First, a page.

TALLAHASSEE (NSF) – Donning his Sunshine State salesman hat, Gov. Rick Scott left Friday for the Paris Air Show for what is likely to be an abbreviated weekend promo.
Scott’s trip comes even as lawmakers enter the final week of the special session — slated to end Friday — focused on a state spending plan for the fiscal year that ends June 30.
Scott, who is expected to return Monday, is traveling to the 51st International Paris-Le Bourget Air Show with officials from Enterprise Florida and 17 Florida-based companies. The renowned trade show runs from Monday to June 21.
Scott’s travel plans should allow him to attend the opening of the Enterprise Florida pavilion at the air show, which includes vendor space — costing from $8,860 to $21,600 — for the Florida companies. The first four days of the event are restricted to industry representatives, followed by three days open to the general public.
“Governor Scott is confident this economic development trip will result in job creation for Florida,” Scott spokeswoman Jeri Bustamante said in an email.
Enterprise Florida spokeswoman Beth Frady said the agency’s staff has lined up more than 40 “one-on-one” business-development meetings during the air show. The show “provides a unique and cost-effective platform for business and trade development in the state,” Frady said.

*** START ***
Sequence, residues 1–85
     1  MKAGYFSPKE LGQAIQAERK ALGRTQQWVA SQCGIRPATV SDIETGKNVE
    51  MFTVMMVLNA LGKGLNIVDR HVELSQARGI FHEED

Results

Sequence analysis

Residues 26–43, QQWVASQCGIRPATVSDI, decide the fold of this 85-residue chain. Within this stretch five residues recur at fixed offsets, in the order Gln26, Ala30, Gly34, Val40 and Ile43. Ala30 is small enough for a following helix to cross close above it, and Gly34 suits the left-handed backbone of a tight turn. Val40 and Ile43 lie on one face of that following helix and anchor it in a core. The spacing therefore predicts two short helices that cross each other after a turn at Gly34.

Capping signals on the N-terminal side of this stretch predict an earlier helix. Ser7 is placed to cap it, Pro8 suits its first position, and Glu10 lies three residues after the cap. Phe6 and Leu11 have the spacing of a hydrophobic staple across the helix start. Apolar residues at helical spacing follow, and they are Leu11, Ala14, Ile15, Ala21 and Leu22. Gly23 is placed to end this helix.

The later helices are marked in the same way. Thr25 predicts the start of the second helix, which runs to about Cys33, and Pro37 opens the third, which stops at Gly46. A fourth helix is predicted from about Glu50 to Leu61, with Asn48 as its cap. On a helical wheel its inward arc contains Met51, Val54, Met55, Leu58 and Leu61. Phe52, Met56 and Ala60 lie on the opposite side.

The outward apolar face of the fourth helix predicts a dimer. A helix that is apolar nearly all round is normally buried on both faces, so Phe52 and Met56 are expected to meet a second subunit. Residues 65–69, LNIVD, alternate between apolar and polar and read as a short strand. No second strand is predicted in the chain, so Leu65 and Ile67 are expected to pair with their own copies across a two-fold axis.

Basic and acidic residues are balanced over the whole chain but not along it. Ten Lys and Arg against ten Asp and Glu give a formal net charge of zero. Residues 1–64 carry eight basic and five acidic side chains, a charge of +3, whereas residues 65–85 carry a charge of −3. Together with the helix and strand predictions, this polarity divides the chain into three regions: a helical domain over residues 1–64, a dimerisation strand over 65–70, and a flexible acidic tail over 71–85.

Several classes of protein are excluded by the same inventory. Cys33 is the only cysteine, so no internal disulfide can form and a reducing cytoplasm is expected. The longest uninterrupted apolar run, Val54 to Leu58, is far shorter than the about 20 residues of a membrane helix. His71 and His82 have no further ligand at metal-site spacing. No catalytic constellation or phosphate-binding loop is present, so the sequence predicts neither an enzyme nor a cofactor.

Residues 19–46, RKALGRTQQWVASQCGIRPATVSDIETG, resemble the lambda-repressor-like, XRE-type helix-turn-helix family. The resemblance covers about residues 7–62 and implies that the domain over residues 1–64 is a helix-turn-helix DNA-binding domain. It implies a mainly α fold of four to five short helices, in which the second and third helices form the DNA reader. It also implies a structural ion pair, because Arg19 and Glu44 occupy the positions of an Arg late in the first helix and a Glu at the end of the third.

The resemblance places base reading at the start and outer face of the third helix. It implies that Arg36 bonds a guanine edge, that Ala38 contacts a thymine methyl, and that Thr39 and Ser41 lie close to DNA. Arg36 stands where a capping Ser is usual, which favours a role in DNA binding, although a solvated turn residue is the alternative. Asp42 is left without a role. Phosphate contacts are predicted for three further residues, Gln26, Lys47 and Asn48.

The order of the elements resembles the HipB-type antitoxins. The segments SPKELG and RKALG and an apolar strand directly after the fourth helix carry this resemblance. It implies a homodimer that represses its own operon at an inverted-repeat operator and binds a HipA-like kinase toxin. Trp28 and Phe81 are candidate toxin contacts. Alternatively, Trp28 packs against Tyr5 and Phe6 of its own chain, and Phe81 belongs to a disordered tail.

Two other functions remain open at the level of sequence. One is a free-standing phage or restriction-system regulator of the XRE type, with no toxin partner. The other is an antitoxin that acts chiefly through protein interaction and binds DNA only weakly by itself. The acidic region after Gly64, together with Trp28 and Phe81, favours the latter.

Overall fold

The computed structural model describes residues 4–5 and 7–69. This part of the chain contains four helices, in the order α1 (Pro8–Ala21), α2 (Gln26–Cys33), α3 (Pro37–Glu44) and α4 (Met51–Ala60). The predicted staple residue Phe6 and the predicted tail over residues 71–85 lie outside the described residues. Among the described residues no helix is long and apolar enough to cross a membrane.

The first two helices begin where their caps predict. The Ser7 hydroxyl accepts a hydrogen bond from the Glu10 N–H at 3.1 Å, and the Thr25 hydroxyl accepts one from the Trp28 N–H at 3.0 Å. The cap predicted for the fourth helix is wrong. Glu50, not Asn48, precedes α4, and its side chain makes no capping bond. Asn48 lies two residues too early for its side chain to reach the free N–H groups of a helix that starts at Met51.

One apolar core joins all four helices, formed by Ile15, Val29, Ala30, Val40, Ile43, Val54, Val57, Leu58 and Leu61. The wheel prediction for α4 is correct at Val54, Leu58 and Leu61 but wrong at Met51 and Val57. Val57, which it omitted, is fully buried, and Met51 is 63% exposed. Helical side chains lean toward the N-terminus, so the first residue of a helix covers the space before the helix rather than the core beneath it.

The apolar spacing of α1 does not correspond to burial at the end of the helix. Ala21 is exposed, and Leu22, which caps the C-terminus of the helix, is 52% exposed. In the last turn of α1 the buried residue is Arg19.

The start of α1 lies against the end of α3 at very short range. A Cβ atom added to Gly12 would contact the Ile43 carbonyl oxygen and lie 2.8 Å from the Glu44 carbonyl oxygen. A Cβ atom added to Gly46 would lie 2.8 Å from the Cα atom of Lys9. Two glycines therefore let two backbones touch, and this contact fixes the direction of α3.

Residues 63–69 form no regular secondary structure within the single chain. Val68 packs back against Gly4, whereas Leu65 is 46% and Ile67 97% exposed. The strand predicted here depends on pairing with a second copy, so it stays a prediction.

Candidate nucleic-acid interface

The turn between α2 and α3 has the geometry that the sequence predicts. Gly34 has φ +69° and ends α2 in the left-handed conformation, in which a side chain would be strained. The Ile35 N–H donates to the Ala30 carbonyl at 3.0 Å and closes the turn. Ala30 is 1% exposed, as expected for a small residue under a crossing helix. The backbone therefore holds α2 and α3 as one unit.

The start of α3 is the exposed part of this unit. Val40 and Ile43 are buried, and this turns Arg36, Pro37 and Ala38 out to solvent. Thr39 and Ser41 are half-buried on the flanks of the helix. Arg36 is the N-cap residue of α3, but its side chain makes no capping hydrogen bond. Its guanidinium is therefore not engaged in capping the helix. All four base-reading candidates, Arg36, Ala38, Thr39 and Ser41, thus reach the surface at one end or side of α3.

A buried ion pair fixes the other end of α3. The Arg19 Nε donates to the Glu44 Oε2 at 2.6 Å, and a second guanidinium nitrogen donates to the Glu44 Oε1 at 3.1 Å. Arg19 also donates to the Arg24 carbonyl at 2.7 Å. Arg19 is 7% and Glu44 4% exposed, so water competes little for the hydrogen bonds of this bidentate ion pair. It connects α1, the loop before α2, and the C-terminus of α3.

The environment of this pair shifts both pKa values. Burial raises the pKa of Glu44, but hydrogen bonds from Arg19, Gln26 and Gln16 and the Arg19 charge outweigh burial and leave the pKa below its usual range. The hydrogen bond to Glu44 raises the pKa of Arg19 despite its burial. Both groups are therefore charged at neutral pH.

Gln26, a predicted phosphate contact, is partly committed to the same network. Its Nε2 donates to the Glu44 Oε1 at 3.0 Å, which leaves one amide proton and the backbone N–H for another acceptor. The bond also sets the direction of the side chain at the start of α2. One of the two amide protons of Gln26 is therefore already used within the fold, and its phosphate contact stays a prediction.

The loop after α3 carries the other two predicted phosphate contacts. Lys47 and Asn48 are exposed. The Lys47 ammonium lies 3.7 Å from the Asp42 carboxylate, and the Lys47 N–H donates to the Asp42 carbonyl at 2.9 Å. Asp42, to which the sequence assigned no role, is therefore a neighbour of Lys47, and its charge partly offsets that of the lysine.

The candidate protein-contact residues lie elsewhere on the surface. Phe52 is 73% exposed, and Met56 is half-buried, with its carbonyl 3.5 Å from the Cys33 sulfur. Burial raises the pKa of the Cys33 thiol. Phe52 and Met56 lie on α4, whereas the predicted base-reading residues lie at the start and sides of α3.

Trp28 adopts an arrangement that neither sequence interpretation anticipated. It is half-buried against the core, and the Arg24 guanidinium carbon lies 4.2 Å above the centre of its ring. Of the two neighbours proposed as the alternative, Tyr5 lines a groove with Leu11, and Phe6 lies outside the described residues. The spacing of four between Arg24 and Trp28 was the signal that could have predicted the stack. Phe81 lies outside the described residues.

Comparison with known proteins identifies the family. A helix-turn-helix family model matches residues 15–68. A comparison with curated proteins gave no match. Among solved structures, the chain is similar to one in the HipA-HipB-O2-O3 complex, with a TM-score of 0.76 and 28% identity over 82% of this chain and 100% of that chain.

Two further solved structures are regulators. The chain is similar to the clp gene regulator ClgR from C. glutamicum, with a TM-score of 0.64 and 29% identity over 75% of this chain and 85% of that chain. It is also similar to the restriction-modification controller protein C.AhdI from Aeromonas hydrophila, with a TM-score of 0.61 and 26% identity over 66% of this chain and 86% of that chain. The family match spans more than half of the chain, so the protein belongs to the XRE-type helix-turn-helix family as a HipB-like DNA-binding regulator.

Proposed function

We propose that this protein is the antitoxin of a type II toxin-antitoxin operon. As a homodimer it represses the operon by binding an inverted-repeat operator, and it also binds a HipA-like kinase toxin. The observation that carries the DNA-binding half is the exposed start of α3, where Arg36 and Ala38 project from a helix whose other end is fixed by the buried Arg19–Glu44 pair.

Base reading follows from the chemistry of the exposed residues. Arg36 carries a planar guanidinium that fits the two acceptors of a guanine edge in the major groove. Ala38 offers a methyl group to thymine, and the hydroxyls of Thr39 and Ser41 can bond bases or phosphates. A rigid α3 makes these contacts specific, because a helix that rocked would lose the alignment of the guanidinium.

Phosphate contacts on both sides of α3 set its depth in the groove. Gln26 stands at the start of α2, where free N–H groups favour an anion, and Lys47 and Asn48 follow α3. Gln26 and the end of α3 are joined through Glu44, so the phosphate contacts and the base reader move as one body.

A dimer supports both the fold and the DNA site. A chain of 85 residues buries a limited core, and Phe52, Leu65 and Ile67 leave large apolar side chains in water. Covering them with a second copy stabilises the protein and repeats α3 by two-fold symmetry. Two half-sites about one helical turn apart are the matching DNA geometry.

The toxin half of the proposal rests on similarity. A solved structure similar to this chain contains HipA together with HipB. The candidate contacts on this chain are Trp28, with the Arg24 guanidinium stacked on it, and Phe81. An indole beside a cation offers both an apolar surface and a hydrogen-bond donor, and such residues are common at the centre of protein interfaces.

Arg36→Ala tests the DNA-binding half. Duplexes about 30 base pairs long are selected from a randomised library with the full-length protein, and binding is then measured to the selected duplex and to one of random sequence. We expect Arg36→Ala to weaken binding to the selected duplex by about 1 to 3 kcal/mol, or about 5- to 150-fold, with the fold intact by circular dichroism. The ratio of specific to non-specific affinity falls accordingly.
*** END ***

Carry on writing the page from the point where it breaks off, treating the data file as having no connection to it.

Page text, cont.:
Enterprise Florida claims that the 2013 Paris Air Show, also attended by Scott, generated more than $170 million in export sales for the Florida exhibitors on the trip and spawned more than more than 40 projects involving aviation, aerospace and defense.
According to the organization, Scott’s first-term international excursions — to Panama, Canada, Brazil, Israel, Spain, the United Kingdom, Colombia, Chile, France and Japan — resulted in sales topping $474 million for the companies that participated in the missions.
The effectiveness of the trips, however, remains suspect to some.
Ben Wilcox, research director of the Tallahassee watchdog group Integrity Florida, wants more details about the trips from Enterprise Florida, which has its expenses covered by private and public dollars.
“I would be skeptical of the numbers provided by Enterprise Florida and would like to see a more specific breakdown of how much in sales each company benefited from,” Wilcox said. “There needs to be more transparency and accountability before the public can know whether these missions are justified. The same can be said about Gov. Scott’s attendance.”
Paris marks Scott’s first international business trip since he went to Japan in November 2013. He put such ventures on hold during his re-election bid last year.
Scott’s office waited until the final moments before the governor’s Friday afternoon departure early to announce he was taking part in the Enterprise Florida trip. Until Thursday, his aides said “it will be a game-time decision” if Scott would embark on the mission while lawmakers were busy finalizing budget details.
The News Service of Florida’s Jim Turner contributed to this report.